The relevance of the work is that at this moment intensive fisheries are being carried out and as a result of excessive catch, the ecosystem is declining. Often, this negatively affects on the food chain , mainly birds, being their main food base. Thus, one of the solutions in assessing this impact and predicting population dynamics can be the population viability analysis [1, 4].
The aim of the study is to simulate the viability of a population and assess the impact of the abundance of one species on the viability of the other, taking into account the negative factors.
The practical approach of this research is that with the help of the developed scenario we can monitor the viability of the population and the probability of its extinction . This can be useful when decisions are needed to restore the population, to compare proposed ecosystem management options and assess the current situation.
The main results of this work are scenarios, that was modeled, in which two negative factors impacts on the population of birds: Phalacrocorax carbo shooting and fish catching. As a result of the forecast of the existence of the Phalacrocorax carbo, it can be seen that the stable functioning of the population is possible only if two important environmental requirements are met, which are presented to users operating in the Azov-Black Sea coast. These requirements include both regulation of the fence hunting and hunting by the hunters of the investigated object
Phalacrocorax carbo are widespread on the Azov-Black Sea coast. They eat fish, mostly commercial, and in significant quantities. For a day each bird eats up to 2 kg of fish. However, the Phalacrocorax carbo is useful as an ambulance, since he is a biological impasse for all helminth diseases of fish. They catch primarily diseased fish, which is much easier to catch, and digest it along with its parasites.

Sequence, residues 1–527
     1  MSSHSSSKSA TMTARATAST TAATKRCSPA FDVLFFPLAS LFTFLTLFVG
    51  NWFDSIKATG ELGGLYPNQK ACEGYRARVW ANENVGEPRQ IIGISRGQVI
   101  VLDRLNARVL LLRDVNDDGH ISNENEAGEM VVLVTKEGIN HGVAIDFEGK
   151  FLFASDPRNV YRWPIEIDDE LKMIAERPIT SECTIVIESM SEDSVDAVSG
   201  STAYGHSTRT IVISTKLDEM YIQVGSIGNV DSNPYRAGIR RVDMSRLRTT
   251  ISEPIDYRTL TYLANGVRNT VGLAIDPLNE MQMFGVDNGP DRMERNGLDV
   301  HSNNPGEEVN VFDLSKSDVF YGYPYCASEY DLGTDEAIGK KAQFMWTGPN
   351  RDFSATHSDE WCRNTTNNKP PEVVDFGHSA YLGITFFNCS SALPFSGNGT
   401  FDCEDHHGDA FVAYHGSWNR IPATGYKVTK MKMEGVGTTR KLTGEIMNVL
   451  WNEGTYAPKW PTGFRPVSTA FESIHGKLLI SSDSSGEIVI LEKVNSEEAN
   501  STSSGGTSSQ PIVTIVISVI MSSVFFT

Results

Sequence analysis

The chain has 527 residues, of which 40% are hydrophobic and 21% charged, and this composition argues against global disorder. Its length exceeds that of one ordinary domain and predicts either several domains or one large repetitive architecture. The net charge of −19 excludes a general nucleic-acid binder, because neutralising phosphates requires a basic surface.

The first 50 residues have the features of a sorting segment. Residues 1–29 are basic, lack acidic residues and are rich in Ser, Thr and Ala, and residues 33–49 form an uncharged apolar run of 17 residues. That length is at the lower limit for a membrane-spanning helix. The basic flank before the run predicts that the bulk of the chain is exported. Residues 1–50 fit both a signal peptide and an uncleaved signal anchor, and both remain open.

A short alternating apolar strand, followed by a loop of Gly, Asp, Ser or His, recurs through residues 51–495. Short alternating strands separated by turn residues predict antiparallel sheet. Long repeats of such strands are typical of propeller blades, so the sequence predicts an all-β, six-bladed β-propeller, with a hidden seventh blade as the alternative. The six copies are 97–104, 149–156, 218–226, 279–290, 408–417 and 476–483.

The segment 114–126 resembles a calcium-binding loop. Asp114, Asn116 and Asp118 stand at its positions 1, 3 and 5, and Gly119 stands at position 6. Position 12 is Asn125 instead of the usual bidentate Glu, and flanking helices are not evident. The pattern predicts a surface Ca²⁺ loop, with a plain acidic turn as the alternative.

In the last 10-15 years in the Azov-Black Sea region there has been a rapid increase in the number of large Phalacrocorax carbo that began locally in individual colonies of the Azovo-Black Sea region from 1975-1980, and from 1985-1989 and acquired the character of an «explosion».
In the Northern Azov Sea, 13 species of fish from 4 families are registered in the diet of large Phalacrocorax carbo, mainly (90%) are Neogobius melanostomus (Pallas, 1811), N. Ratan (Nordmann, 1840), N. Fluviatilis (Pallas, 1811), N. Syrman (Nordmann, 1840), Gobius ophiocephalus (Pallas, 1811), Proterorhinus marmoratus (Pallas, 1811), Mesogobius batrachocephalus (Pallas, 1811), Mugil cephalus, Clupeonella cultriventis (Nordmann, 1840), Mugil soiuy (Basilewsky, 1830), Atherina boyeri pontica (Eichwald, 1831); Carassicus carassius (Linnaeus, 1758), Platichthys flesus luscus (Pallas, 1811) and Perca fluviatilis (Linnaeus, 1758).
Important is the impact of birds on ecosystems through excrement, with which nutrients and energy return to water bodies and land. Eating a day about 350-500 grams of fish, the Phalacrocorax carbo releases 56.4-60.9 grams of excrement with a moisture content of 7.5%. On land Phalacrocorax carbo leave 10-25% excrement. Dry feces of fish-eating birds contain 17% of mineral salts, of which phosphates — 7%, sulfates — 3.2%, ammonium derivatives — 1.8%, chlorides in combination with potassium, sodium, magnesium catholytes — 0.35% . The soluble fraction consists of organic substances (83%), which contain phosphorus — 5% and nitrogen — 15.5%, as well as nucleic acids, amino acids, peptides, creatine, carbohydrates, vitamin B12, etc.
Phalacrocorax carbo are numerous only in areas with the highest biological productivity of water bodies. Their impact on commercial fish is largely offset by the consumption of weedy and low-value fish, which are active competitors of commercial species . Ultimately, the role of these numerous large birds, tied throughout the life cycle to water bodies, is reduced to participation in the circulation of organic matter in them, without removing this substance, i.e. without reducing the potential for fish productivity of water bodies . They do not significantly affect the abundance, reproduction and size of catches of commercial fish. Unreasoned destruction of biological chains by excluding fish-eating birds from them, without taking into account their importance in the biological balance, can lead to very undesirable results for the fishery. Phalacrocorax carbo can cause local damage to the fishing industry, destroying fish in small areas of water bodies or fish breeding ponds, only in a limited period of fish life (for example, in the period of the fall of the young). At this time there is a need to regulate their numbers or take other measures to protect valuable fish species from piscivorous birds.